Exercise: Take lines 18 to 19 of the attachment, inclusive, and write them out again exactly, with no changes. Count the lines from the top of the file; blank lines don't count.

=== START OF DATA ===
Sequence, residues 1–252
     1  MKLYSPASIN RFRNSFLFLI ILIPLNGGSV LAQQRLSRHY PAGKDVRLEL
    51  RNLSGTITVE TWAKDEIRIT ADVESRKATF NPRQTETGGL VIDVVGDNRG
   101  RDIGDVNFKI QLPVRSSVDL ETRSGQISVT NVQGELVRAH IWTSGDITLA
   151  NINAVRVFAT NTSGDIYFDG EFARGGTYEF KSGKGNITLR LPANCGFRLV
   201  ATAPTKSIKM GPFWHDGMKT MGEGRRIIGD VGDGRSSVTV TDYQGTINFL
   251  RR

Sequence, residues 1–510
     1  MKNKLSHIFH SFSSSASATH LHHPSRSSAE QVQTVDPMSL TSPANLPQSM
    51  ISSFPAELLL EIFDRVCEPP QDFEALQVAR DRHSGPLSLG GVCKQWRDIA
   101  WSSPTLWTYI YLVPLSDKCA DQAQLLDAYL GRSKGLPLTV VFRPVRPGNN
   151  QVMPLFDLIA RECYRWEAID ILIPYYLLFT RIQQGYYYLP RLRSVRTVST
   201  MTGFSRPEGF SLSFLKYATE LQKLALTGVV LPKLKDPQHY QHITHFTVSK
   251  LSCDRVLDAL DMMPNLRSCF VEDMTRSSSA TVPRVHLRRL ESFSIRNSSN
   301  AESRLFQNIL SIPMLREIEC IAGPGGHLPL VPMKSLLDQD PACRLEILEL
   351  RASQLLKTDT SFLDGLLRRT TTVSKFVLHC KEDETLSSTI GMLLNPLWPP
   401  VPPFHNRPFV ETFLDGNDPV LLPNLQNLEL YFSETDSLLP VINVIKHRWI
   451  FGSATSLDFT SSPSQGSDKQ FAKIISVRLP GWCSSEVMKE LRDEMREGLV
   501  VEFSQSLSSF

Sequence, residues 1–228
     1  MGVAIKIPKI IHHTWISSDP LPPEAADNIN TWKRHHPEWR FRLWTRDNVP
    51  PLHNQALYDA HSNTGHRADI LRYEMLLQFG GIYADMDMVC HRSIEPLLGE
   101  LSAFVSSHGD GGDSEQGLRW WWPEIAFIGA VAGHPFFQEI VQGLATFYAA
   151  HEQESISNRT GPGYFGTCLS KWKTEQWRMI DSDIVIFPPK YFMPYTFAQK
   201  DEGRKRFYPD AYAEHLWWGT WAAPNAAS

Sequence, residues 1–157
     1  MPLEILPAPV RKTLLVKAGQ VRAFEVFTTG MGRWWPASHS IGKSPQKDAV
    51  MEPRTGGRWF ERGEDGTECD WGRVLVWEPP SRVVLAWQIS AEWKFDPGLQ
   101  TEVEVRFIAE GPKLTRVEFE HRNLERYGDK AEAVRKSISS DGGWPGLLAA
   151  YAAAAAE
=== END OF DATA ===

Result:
   451  FGSATSLDFT SSPSQGSDKQ FAKIISVRLP GWCSSEVMKE LRDEMREGLV
   501  VEFSQSLSSF